The USS Alabama is a BIG boat! It’s a bazillion levels tall (I looked it up) with lots of stairs. No, really – LOTS. OF. STAIRS. And narrow hallways and little cramped rooms.
There are three levels below deck, and at least eight levels above deck. I started with the bottom levels and then went to the upper levels, looking in each of the many little rooms. Normally, I can withstand small spaces and large crowds for short periods of time without any effects whatsoever, but I stopped after the fifth upper level because I was starting to get too claustrophobic and agoraphobic – I can only stay so long in small spaces and crowded places before my skin starts crawling and my anxiety level goes through the roof.
And people lived in these cramped quarters for years. I would’ve jumped ship.
The USS Alabama – too big to fit in the picture frame.
Hi, I’m still here. Sorry it’s been so long. It’s taken me a long time to write a post because I’ve been stuck on what to write about this one and the next. While both adventures were great, I was at a loss for what to write.
The other reason is that my website is running soooo sloooow and GoDaddy only wants to sell me more hosting (I already have the Deluxe plan, and relatively little traffic). About 70% of the time I log in, I can’t get anything done because my site is running at a snail’s pace.
Other than that, all is well in the Florida panhandle. Life is good. I’m working, mostly from home. Between sitting all day, being near the fridge all day, and a new allergy medication, I’ve put on a few pounds. I’ve gone back to working out several days a week and eating better. But I’ll never give up chocolate.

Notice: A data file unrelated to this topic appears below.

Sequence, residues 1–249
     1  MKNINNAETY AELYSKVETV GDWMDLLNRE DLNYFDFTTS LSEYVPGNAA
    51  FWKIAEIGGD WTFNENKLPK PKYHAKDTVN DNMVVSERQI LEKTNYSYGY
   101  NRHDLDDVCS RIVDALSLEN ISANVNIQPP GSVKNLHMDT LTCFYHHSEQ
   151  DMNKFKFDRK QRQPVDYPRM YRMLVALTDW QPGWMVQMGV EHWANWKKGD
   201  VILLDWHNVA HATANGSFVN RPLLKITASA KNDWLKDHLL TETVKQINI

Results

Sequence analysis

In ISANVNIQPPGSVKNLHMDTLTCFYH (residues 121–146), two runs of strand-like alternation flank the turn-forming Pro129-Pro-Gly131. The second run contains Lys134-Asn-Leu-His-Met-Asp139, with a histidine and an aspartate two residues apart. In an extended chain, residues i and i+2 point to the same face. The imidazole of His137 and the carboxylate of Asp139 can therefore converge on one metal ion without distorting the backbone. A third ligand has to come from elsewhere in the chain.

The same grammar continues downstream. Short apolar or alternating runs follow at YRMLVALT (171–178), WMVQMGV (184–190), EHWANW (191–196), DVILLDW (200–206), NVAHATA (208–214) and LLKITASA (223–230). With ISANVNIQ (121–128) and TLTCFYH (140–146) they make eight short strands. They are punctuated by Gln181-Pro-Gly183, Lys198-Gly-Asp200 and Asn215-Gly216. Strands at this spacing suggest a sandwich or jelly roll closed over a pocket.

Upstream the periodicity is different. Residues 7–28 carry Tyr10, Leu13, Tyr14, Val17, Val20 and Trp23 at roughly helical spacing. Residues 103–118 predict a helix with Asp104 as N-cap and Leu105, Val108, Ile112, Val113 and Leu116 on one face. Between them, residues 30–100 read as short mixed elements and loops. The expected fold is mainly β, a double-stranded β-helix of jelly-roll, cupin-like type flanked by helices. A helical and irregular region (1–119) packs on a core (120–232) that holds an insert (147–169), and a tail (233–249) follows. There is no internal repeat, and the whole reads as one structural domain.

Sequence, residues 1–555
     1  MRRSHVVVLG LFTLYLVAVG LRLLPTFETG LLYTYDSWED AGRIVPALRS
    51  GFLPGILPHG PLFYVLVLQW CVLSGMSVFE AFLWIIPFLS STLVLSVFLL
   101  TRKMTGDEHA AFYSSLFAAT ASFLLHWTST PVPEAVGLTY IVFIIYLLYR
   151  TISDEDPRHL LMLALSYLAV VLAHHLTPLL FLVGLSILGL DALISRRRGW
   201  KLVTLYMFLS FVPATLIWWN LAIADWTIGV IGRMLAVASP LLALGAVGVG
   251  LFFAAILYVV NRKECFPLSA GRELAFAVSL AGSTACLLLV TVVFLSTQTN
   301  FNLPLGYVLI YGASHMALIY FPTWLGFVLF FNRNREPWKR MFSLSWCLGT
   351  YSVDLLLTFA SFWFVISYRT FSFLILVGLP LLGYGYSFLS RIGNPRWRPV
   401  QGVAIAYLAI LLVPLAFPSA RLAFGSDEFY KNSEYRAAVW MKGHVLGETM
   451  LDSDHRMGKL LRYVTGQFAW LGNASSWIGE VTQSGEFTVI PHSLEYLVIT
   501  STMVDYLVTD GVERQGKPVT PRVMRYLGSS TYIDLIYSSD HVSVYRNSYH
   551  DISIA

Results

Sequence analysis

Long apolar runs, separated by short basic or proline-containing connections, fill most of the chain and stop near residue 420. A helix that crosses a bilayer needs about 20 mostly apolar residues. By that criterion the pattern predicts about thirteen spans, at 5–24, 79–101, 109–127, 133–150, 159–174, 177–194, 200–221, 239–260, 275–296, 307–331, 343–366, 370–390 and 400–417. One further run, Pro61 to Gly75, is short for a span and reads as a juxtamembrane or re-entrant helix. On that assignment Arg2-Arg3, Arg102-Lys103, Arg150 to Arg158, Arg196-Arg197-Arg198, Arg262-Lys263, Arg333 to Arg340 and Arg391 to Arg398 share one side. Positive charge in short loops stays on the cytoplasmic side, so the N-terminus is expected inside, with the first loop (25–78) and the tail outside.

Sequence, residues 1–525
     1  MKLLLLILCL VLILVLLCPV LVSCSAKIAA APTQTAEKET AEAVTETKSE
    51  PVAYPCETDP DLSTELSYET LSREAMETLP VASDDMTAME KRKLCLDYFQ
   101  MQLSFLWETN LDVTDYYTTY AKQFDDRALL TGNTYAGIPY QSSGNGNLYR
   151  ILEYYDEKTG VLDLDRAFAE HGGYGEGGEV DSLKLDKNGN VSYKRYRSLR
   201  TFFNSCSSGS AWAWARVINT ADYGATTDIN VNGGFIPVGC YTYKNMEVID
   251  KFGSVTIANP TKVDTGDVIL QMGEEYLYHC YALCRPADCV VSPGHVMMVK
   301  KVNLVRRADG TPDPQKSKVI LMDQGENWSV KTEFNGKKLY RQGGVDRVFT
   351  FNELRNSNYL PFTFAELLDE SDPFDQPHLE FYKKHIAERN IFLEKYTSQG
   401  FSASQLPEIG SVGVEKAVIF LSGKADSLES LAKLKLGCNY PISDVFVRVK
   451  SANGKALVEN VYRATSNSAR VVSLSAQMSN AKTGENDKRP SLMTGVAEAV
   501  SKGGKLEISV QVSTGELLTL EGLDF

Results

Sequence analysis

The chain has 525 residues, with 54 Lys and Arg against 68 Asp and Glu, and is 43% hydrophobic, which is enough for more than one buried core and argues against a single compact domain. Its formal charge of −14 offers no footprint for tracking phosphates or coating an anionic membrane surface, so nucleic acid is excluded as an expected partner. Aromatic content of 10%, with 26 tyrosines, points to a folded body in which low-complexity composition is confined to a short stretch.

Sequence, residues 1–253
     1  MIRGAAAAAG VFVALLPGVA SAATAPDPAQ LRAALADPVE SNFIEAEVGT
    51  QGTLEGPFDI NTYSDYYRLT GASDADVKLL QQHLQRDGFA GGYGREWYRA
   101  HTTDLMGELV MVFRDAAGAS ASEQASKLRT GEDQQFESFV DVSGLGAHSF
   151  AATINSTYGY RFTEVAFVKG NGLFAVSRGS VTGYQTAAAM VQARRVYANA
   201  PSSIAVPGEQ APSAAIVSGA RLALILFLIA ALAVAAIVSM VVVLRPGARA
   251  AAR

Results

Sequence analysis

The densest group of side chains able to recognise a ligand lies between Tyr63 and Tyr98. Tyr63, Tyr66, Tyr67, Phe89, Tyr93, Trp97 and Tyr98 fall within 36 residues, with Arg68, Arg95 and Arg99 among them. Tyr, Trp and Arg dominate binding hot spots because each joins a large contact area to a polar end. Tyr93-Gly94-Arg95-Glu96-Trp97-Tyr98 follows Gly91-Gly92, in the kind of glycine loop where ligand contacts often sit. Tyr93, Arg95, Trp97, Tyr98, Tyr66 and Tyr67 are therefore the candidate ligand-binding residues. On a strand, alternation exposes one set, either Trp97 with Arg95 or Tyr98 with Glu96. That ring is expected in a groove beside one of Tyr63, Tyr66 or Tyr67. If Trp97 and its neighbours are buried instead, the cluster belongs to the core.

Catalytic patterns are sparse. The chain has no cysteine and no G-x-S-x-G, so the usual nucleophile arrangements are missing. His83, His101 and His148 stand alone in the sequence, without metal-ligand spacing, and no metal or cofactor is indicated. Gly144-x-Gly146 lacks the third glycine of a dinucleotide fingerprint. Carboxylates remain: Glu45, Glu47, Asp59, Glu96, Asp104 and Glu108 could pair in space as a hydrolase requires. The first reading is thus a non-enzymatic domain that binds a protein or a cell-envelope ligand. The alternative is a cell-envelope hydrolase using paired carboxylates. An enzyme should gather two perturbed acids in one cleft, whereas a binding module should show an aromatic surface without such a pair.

But I digress. (Ah, I bet y’all missed that? Ha.)
There are alligators in Alabama. No surprise, right? The surprise is that I have yet to see one in the wild, on the loose, chasing small children or pets. Not a one.
Pensacola, Florida, is the home of the Blue Angels. Everything is named “Blue Angel This” and “Blue Angel That.” They frequently fly overhead when practicing. On the weekends they’re usually out of town delighting some other city with their aerobatics.
In addition to watching the Blue Angels, there are many cool things to see and do, not the least of which is the National Naval Aviation Museum. The museum is massive and takes two to three hours to complete – and it’s free! Got to love the free.
I don’t know enough about the specifics types of aircraft on display, so I’ll dazzle you with a slideshow of my excellent slowly improving photography skills. *grins*
Despite the large number of photos above, there is much more to see in the museum. Twice a week the Blue Angels do a practice and autograph session. I highly recommend it to all who venture to Pensacola. Visit the Blue Angels and the museum daily, 9am to 5pm, at 1750 Radford Blvd.